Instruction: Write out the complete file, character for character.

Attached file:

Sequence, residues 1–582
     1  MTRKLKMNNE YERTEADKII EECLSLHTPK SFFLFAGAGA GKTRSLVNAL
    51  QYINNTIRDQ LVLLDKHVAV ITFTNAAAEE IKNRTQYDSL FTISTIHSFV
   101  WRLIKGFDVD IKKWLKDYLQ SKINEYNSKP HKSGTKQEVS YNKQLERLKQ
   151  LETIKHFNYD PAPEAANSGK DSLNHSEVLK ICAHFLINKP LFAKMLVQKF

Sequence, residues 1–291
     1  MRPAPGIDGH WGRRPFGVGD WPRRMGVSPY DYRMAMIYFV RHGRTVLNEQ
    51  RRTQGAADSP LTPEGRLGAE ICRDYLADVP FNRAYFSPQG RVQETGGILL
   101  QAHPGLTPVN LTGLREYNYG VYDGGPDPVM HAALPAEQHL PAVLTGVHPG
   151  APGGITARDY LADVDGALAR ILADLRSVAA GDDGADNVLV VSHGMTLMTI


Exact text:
Sequence, residues 1–582
     1  MTRKLKMNNE YERTEADKII EECLSLHTPK SFFLFAGAGA GKTRSLVNAL
    51  QYINNTIRDQ LVLLDKHVAV ITFTNAAAEE IKNRTQYDSL FTISTIHSFV
   101  WRLIKGFDVD IKKWLKDYLQ SKINEYNSKP HKSGTKQEVS YNKQLERLKQ
   151  LETIKHFNYD PAPEAANSGK DSLNHSEVLK ICAHFLINKP LFAKMLVQKF

Sequence, residues 1–291
     1  MRPAPGIDGH WGRRPFGVGD WPRRMGVSPY DYRMAMIYFV RHGRTVLNEQ
    51  RRTQGAADSP LTPEGRLGAE ICRDYLADVP FNRAYFSPQG RVQETGGILL
   101  QAHPGLTPVN LTGLREYNYG VYDGGPDPVM HAALPAEQHL PAVLTGVHPG
   151  APGGITARDY LADVDGALAR ILADLRSVAA GDDGADNVLV VSHGMTLMTI